In late December, the three of us decided to file a whistleblower complaint with the U.S. government, one that promises our identities will remain confidential. You can find the forms online for every agency in the U.S. Answer a handful of questions and attach anything that supports your complaint. We presented a detailed accounting of the false partnerships.
We received this immediate response (see below) from the Department of Commerce’s Inspector General office once we hit “send.”
We assumed there would be a way to track progress but the response clearly stated, “Due to privacy interests, we do not provide complainants with updates on, or the results of, complaints and/or investigative matters.”
Five days later, however, we did receive an email from someone identifying herself only as Emily from the Compliance and Ethics Staff of the Office of Inspector General. She told us that “your submission is currently under review” and then added, “by remaining confidential, we may be more limited in our ability to fully address your concerns. By waiving confidentiality, we can provide the details of your complaint to officials within the Department of Commerce who can then reach out to you for further information, if necessary.”
We responded, “Since no one has had a chance yet to conduct even a minimal review of our allegations, waiving confidentiality at this point seems premature. If there comes a point where knowing any of our identities would be critical, we would be happy to reconsider our decision.”
We haven’t heard back from Emily or anyone else from the government since.
We still believe in the Census. A full and complete accounting of America’s population most definitely benefits communities and the country. But claims of record partnerships are, at best, exaggerations. At worst, they’re an exercise in systematic cheating.
Faith in the Census is built on making sure that it’s fair, truthful and accurate. Our experiences, however, have shattered that faith. And if the partnerships we sought out are meant to help persuade the concerned and the wary of the Census’ overall trustworthiness and legitimacy, the fraudulent nature of those partnerships will, unfortunately, result in just the opposite.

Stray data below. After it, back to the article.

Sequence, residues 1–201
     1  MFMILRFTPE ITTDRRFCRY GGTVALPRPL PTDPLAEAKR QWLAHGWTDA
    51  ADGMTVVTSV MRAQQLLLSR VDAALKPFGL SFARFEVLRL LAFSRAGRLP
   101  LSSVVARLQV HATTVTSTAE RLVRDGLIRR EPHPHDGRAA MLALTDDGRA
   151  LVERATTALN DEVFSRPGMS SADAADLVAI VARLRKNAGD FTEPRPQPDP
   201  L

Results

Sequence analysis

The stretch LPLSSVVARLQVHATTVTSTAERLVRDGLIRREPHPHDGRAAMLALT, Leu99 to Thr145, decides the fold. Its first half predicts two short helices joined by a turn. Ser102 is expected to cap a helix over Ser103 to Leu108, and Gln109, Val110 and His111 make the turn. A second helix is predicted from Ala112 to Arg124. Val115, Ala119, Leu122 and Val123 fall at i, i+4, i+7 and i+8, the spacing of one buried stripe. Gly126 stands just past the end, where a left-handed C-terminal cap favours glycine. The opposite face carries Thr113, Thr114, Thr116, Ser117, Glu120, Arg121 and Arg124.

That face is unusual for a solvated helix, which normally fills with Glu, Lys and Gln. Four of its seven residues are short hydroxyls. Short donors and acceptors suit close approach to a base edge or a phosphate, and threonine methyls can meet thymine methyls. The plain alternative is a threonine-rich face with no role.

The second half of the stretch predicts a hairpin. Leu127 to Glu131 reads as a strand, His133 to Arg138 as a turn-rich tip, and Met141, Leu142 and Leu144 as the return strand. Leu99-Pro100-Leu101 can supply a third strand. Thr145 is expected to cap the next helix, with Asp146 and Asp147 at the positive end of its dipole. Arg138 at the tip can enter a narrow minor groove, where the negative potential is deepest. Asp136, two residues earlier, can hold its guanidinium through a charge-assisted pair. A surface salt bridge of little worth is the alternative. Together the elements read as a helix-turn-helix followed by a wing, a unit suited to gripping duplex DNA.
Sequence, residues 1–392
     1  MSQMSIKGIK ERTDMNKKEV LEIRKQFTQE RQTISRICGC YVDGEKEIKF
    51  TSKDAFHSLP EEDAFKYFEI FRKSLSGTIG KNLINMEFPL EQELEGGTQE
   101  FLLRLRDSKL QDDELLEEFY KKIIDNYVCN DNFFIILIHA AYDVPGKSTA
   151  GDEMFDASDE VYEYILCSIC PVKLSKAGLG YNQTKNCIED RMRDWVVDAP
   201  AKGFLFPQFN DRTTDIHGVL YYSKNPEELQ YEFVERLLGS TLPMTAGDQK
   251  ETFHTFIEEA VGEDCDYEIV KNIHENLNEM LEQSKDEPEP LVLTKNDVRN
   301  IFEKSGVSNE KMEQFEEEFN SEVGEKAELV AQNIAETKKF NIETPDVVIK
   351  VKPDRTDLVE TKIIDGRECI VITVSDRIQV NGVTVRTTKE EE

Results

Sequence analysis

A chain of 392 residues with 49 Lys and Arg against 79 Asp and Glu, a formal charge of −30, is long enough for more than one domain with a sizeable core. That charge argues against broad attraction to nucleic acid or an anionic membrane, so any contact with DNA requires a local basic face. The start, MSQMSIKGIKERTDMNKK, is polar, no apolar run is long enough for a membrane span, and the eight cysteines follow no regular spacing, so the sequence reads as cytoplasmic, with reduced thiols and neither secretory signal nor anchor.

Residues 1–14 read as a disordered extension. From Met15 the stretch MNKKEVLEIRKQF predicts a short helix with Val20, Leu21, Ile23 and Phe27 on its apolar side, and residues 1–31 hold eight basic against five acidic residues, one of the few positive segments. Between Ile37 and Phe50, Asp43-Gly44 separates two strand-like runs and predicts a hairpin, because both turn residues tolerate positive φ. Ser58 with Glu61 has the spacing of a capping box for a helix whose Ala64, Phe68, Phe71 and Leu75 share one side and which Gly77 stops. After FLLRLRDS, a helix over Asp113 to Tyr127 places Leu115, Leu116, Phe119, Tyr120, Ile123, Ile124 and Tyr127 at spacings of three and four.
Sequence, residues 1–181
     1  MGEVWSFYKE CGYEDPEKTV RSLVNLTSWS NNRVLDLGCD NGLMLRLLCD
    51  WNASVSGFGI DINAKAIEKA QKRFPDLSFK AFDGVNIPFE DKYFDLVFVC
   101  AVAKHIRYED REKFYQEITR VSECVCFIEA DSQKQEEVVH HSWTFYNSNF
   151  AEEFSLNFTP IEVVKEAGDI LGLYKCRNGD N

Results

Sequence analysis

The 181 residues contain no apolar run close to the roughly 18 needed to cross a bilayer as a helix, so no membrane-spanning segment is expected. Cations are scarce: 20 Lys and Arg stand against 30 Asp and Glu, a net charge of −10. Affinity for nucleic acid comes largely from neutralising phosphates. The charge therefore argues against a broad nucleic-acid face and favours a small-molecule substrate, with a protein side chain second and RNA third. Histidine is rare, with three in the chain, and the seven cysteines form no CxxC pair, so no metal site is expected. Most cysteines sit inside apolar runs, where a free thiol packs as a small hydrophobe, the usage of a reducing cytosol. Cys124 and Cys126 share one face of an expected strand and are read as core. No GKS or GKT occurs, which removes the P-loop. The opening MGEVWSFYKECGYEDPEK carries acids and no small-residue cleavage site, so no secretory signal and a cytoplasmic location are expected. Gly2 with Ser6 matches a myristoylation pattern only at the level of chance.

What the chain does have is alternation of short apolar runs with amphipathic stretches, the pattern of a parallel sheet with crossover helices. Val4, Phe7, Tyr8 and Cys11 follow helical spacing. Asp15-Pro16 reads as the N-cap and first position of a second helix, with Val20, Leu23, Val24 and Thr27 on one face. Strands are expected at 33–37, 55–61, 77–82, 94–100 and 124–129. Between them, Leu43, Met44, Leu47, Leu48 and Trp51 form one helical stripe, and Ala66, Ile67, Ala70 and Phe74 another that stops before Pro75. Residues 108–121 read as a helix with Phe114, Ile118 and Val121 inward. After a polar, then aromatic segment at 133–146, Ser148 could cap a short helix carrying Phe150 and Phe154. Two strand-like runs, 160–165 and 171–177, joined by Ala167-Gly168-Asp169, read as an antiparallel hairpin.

Editor’s Note: The Reporters Inc. reached out to the U.S. Census Bureau’s Chicago-based regional director several times for comment, beginning on January 8. We also communicated with two Census public information officers, both of whom promised a statement in response to the claims made in this report, by the morning of January 13.
However, no response had been provided to us when we published this report on January 14.
UPDATE 1/18/21: The U.S. Census Bureau provided The Reporters Inc. with a statement on January 15, one day after we published this report. It reads, in its entirety:
The Census Bureau has quality checks in place to ensure that new partnerships created are legitimate. Our quality control mechanisms are in place to identify errors that are not congruent with our stated polices.
The Census Bureau cannot comment on any ongoing personnel matter and will give its full cooperation to any inquiry or investigation. The Census Bureau takes falsification allegations seriously and does not tolerate fraud, waste, abuse, and mismanagement or retaliation against employees who do the right thing and report that behavior.
Additionally, the whistleblowers who wrote this article were contacted by the U.S. Department of Commerce Office of Inspector General on January 15 as well. The email they received reads, in its entirety:
The Department of Commerce Office of Inspector General (OIG) has received your correspondence and reviewed the information you provided. We have assigned complaint number (omitted by The Reporters Inc.).
After careful consideration, we decided to refer your allegations(s) to management officials at the U.S. Census Bureau. We have requested that they conduct a thorough and independent inquiry and provide a response to us, including a detailed explanation of their review process and any corrective action, if any, they take as a result. Upon receipt of their response, we will review it and may seek additional information if necessary.
If you have any further information, please contact the Hotline at (800) 424-5197 and reference the report number assigned when you initiated the complaint.
Compliance and Ethics Staff
Office of Inspector General
The Reporters Inc. will continue to follow this story and provide updates when merited.